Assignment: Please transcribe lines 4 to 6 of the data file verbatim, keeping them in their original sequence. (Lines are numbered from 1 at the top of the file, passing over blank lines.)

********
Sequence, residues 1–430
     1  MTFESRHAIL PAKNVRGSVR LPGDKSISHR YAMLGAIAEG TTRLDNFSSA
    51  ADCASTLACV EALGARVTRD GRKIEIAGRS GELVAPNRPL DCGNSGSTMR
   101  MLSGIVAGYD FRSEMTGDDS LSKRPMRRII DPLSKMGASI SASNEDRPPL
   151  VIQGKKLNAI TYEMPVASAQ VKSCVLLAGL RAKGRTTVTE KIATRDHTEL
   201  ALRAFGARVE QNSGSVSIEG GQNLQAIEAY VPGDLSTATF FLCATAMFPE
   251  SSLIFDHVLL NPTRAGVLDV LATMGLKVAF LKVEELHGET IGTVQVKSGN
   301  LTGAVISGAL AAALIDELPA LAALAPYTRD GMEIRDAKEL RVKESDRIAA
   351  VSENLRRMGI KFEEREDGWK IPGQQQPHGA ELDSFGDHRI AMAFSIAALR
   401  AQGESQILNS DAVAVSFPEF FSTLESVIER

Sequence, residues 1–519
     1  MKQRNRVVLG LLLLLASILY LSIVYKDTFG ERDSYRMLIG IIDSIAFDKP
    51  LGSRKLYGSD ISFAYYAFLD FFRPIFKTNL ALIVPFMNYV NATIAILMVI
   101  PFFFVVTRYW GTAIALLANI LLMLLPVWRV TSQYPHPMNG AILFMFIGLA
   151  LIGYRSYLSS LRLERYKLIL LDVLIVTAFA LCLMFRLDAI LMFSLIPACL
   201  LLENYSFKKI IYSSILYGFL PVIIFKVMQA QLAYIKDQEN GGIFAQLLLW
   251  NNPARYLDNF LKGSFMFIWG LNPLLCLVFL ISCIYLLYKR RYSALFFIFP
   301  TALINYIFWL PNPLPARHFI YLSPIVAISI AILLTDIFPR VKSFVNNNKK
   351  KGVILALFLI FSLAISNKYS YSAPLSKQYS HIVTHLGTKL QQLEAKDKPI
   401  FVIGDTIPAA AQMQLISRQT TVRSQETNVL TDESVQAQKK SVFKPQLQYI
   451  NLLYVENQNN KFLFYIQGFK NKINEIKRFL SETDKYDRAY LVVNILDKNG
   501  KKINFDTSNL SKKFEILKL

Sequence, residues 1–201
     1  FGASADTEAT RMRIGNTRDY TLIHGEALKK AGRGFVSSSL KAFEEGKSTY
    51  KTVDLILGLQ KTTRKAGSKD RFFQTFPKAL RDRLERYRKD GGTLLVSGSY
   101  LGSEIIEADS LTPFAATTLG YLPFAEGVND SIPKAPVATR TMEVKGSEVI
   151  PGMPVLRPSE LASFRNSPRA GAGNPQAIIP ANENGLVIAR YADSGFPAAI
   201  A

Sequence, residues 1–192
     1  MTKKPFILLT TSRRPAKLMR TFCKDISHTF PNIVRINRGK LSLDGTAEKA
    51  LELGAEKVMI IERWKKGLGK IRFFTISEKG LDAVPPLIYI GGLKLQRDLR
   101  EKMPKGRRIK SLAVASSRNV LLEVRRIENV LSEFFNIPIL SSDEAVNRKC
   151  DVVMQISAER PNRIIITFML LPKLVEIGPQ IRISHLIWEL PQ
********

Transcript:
   101  MLSGIVAGYD FRSEMTGDDS LSKRPMRRII DPLSKMGASI SASNEDRPPL
   151  VIQGKKLNAI TYEMPVASAQ VKSCVLLAGL RAKGRTTVTE KIATRDHTEL
   201  ALRAFGARVE QNSGSVSIEG GQNLQAIEAY VPGDLSTATF FLCATAMFPE